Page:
Are Body Language and Tone Necessary for Therapy to Be Effective?

woman walking outside holing smartphone texting

Now that purely text-based therapy has taken off and has a growing number of studies backing its efficacy, mental health professionals and researchers are debating whether psychotherapy needs body language and tone to produce results. To compare the effectiveness of texting therapy with other mediums, the psychological community needs to think about what treatment outcomes are most important. As the practice of therapy has evolved, so has its priorities.

For many decades psychotherapy had only one format: a therapist and client in a room. Despite the requirement for both parties to be in the same physical space — within viewing distance — the early days of mental health counseling did not utilize body language to its full potential. Many patients lay on a couch and faced in the opposite direction of their therapists. To act as a “blank screen,” practitioners of psychoanalysis participated minimally in sessions and encouraged their patients to speak as much as possible.

Sigmund Freud, the father of psychotherapy, believed people could be “cured” by making conscious their unconscious thoughts. The primary goal of psychoanalysis was to help patients have cathartic experiences that would provide insights into deeply rooted issues. Despite the lack of visual cues, this early form of therapy did work for some patients. It was valuable enough to become the foundation for modern approaches to psychotherapy.

As the field of psychotherapy advanced, there was increased focus on the relationship between therapist and client. This approach involved the counselor taking a more active role. Person-centered therapy [Rogerian therapy], for example, stressed the therapeutic relationship and argued it was essential to making progress. The stronger the bond between the two parties, the more robust the results would be. Like other humanistic approaches, Rogerian therapy had the goal of helping people reach their full potential.

There is a wealth of evidence that proves a high-quality therapeutic alliance increases the likelihood of positive outcomes in treatment. Body language and verbal cues are important factors that contribute to the development of this clinical relationship. People express roughly 60% of their communication using nonverbal behaviors. Vocal tone can help counselors detect underlying emotions and issues.

In recent years psychotherapy has shifted to an emphasis on reducing symptoms of mental illness and improving both mood and functioning. The increased use of data and technology has allowed mental health professionals to seek more tangible outcomes. Mental health assessments, for example, have helped clinicians and researchers use numerical scores to measure the impact of therapeutic approaches. Psychologists can prove the efficacy of a form of therapy if the treatment efficiently lowers scores related to unhappiness, lack of productivity, and suffering.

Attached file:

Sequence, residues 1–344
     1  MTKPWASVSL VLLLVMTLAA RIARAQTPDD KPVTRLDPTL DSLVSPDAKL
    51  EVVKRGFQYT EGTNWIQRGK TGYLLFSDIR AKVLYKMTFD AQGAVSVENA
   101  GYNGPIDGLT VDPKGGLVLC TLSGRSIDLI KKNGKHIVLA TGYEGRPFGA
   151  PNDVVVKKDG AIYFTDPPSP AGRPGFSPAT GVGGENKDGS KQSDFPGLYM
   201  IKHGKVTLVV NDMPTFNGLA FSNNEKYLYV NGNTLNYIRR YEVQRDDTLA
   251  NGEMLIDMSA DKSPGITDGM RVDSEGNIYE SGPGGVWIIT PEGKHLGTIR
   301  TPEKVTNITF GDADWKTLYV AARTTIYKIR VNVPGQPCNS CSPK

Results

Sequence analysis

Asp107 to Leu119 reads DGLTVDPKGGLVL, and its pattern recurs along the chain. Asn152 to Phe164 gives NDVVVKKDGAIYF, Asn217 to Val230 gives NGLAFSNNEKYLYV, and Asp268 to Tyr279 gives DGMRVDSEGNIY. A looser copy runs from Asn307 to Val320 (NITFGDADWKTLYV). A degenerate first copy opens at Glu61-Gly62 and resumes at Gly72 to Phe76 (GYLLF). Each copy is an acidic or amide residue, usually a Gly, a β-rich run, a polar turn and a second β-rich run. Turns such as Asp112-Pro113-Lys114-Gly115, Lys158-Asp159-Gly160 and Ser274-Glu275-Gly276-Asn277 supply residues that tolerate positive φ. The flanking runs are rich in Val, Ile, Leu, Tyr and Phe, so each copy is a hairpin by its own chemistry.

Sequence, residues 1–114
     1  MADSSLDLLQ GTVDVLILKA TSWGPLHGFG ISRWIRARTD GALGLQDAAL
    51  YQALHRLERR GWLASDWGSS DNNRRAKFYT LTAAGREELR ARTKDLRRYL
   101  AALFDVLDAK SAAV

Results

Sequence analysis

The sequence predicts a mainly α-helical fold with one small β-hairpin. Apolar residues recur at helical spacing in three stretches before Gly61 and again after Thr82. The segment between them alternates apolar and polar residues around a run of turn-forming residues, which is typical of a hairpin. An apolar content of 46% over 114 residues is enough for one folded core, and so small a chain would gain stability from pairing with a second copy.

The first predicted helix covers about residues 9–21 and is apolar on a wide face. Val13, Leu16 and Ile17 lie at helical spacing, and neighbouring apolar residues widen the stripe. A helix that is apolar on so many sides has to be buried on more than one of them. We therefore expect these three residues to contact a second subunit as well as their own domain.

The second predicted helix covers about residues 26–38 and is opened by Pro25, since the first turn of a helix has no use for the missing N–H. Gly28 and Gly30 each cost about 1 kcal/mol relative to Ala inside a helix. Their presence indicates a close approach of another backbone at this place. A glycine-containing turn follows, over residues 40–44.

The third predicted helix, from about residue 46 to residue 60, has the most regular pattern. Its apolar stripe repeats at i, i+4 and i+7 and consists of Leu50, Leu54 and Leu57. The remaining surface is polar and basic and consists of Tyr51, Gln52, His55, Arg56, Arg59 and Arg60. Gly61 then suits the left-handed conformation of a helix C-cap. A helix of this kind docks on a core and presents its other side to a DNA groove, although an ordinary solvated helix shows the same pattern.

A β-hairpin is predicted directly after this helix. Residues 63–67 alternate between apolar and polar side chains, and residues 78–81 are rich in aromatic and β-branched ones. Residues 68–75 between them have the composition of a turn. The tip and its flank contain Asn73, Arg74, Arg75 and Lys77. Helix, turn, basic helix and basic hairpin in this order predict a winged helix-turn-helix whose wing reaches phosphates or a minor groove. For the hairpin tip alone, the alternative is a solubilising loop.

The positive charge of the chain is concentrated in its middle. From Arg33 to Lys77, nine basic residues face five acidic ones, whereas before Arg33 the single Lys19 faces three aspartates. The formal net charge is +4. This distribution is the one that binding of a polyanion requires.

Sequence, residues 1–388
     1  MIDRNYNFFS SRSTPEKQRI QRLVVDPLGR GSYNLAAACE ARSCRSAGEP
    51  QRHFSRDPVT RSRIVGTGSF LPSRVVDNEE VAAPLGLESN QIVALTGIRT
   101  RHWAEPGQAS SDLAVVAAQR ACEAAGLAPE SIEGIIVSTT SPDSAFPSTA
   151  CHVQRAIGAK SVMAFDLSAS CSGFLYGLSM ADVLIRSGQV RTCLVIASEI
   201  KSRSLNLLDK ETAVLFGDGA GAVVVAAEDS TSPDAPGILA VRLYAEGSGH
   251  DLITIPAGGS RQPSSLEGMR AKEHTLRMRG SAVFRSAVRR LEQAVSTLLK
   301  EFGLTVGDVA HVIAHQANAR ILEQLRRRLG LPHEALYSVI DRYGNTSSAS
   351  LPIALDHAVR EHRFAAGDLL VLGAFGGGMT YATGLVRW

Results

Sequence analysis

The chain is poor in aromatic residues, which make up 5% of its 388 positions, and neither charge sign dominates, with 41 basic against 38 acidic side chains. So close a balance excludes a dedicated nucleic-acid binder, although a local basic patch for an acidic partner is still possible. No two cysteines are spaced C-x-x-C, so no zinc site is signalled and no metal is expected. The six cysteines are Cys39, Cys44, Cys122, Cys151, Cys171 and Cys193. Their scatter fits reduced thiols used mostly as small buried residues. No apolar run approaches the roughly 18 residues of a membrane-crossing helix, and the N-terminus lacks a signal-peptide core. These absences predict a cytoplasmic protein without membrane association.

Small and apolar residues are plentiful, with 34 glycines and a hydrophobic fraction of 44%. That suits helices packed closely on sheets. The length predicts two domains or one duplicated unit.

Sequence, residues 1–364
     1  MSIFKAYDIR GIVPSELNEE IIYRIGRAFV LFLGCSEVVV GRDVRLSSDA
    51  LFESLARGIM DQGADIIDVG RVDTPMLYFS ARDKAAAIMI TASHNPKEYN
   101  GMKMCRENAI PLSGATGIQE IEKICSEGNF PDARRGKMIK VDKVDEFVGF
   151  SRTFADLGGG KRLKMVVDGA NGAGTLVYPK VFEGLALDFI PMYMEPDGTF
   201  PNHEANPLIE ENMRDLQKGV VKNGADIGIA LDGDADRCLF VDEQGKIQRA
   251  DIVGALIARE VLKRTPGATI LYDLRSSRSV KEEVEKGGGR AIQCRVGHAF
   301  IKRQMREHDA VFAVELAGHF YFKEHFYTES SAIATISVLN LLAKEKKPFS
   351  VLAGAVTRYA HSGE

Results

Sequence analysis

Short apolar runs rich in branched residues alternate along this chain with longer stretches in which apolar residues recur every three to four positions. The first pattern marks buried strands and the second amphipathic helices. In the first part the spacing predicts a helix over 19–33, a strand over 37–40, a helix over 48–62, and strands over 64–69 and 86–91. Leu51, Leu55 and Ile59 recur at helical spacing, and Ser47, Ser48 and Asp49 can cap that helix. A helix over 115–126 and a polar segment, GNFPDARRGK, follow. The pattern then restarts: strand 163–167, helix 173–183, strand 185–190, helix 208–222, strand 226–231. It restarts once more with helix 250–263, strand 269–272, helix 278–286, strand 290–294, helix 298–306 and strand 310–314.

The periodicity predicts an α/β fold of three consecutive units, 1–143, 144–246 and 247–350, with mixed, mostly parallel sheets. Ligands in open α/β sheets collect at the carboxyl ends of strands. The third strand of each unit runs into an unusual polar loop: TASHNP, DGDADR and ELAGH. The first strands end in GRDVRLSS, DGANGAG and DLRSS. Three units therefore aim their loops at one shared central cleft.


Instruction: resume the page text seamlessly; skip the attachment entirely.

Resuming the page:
Ultimately what determines the effectiveness of therapy is how the treatment meets the goals clients are interested in achieving. If someone begins psychoanalytic sessions with the mission of discovering what subconscious issues are contributing to a maladaptive behavior, the therapy can succeed by unearthing the answer. For someone with crippling depression, treatment needs to improve functioning.

The dilemma is that people place varying degrees of importance on these outcomes, some of which are difficult to measure. Some clients want to rely on therapy to become more whole, actualized versions of themselves. Others simply want relief from psychic and emotional pain. Is it most essential for therapy to manage the impact of mental health issues, or to assist clients in reaching their potential as human beings?

Text-based therapy has been proven effective for reducing the prevalence of symptoms of certain mental health conditions, according to a study from Columbia University. It also has a record of improving functioning and overall mood. The medium established a sufficient therapeutic alliance score but not was quite as strong as that of traditional therapy. Despite this difference, texting therapy was as effective as traditional therapy in treating anxiety and depression. Video sessions — often available along with texting — can strengthen therapeutic relationships but are not necessary for successful care.

These results indicate therapy does not need body language and tone to be effective in treating several mental illnesses. Written communication is more than enough to significantly improve mood and functioning. For other outcomes, however, more research still needs to be conducted.

Researchers and psychologists have yet to thoroughly study the effects of many forms of psychotherapy — including text-based therapy — on factors other than symptom reduction. The field still needs to examine other results, including psychological insight, catharsis, actualization and more. Once mental health professionals define other measures of effectiveness for psychotherapy, texting therapy will have more opportunities to prove itself.

Published by

Joseph Rauch

Staff Writer at Talkspace